The students in Dieter Bachmann’s class sometimes get bored. They are in sixth grade, so this is to be expected, although there is a high probability that these particular teenagers, are observed by the filmmaker. Maria Speth During the 2016-17 school year, children were less bored than most of their peers, thanks to a dynamic and unique teacher.
What is certain is that, even if it’s over three and a half hours, the documentary Speth shot from her time in the classroom is the opposite of boring.
Thanks to its length, the elegance of its editing, and the warmth of its curiosity, “Mr. Bachmann” and his class might remind you of a film about Frederick Wiseman. The comparison only goes so far. Wiseman tends to be interested in how collective and individual structures – neighborhoods, organizations, institutions – illuminate an individual’s personality and relationships. Speth’s attention moved in the opposite direction.
Her film begins with a teacher, whose patience and charisma captivated the children and captivated the audience. Gradually, a group portrait emerges, which is also a particularly detailed and intricate picture of a town and a country. And more: a close-knit, humane epic.
The town is Stadtallendorf, Germany, about an hour north of Frankfurt. A rural village for most of its history, it was industrialized by the Nazis, who built weapons factories and forced labor camps. After World War II, “guest workers”, mainly from Turkey, were employed for metalworking workshops and other factories. (You’ll learn this information and more during field trips and in class discussions.)
Bachmann’s students are mainly the children of immigrants – from Bulgaria, Morocco and Azerbaijan, among other countries. Their German language proficiency varies, as does their academic outlook. Part of Bachmann’s job is to decide which high school is right for each student, a task he undertakes with clarity, compassion, and some reluctance.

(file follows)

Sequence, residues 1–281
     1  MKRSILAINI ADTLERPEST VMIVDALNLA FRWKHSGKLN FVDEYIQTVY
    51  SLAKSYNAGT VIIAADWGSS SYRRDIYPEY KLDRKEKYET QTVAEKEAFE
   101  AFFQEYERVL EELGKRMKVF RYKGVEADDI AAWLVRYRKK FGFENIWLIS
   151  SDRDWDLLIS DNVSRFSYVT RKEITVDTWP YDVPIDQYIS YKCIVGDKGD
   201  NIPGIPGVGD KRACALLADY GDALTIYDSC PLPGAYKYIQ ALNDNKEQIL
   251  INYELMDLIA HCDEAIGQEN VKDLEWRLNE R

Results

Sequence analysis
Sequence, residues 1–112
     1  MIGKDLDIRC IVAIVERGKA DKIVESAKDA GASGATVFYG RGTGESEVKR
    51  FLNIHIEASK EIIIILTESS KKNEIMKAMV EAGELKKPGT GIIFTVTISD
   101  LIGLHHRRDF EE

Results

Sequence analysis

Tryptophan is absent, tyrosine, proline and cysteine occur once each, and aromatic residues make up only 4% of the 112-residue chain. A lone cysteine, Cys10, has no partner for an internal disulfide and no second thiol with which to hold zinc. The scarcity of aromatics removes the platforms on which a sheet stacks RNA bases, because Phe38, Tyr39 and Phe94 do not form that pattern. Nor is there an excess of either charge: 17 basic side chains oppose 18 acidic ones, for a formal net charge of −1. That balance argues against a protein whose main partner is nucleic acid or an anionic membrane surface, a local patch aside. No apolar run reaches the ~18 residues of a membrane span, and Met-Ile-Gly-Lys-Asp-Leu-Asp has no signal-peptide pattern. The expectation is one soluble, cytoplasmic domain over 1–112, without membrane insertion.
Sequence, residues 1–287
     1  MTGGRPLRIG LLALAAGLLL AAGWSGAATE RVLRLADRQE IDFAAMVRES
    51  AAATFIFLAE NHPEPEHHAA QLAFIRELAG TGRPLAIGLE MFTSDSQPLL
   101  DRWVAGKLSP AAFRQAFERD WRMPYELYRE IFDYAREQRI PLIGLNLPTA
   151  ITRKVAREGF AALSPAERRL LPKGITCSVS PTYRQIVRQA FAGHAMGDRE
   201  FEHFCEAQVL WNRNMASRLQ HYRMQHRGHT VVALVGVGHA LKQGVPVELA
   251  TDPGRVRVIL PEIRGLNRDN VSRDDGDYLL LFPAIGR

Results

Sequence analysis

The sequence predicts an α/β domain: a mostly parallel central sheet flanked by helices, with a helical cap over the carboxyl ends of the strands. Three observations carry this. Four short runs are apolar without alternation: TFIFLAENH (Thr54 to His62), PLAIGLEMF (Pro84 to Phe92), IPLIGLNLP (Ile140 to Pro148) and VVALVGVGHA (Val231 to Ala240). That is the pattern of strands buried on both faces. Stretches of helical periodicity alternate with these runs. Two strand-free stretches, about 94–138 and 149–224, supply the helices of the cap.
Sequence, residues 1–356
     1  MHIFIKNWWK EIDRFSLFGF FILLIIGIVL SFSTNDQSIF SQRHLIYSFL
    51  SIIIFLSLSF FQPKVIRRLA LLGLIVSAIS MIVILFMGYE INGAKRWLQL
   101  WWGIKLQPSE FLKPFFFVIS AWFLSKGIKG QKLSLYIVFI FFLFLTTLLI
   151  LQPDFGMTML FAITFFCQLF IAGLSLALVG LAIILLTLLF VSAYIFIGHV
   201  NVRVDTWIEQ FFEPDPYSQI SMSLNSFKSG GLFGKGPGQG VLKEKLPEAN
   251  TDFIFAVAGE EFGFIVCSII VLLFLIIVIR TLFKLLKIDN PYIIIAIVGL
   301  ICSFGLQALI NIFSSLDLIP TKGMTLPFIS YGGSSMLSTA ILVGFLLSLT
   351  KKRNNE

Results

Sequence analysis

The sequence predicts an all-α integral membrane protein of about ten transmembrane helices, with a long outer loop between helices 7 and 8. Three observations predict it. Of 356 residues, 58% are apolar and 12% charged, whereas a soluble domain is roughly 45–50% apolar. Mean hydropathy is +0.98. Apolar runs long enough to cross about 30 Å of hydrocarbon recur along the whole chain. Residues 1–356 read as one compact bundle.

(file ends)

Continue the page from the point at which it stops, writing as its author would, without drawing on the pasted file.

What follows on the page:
A former sculptor and sociology student in his 60s, often wearing a knit cap and hooded cardigan, Bachmann is aware of the tension between countercultural impulses and bureaucratic duties. mine. He administers tests and gives grades, but also has musical instruments and art supplies ready for study sessions and creative projects. While his anarchic personality is partly what makes him a benevolent government figure, you wouldn’t say he’s soft or tolerant of his students. Instead, he is honest with them, seeing them not as friends or colleagues but as people whose right to respect and dignity is absolute.
They test and tease him and can be unconsidered or cruel to each other. After all, they are children. A few get special attention, almost surpassing their teachers, and contribute to the emotional richness of the film. We don’t learn much about their lives outside of school (or about Bachmann’s), but each is a universe of sensations and possibilities, alive and vulnerable.
And lucky to have crossed paths with Bachmann. The film ends with his retirement after 17 years of teaching, a bittersweet moment that Speth observes with delicacy and lightness. This is not a heroic film about teachers about idealism in the face of adversity. It is a recognition of hard work and the wonder of simple politeness.
Mr. Bachmann and His Classroom
Not rated. In German, with subtitles. Running time: 3 hours 37 minutes. Watch on Mubi.
https://www.nytimes.com/2022/02/20/movies/mr-bachmann-and-his-class-review.html ‘Grandfather. Bachmann Review and His Class: Learning from the Best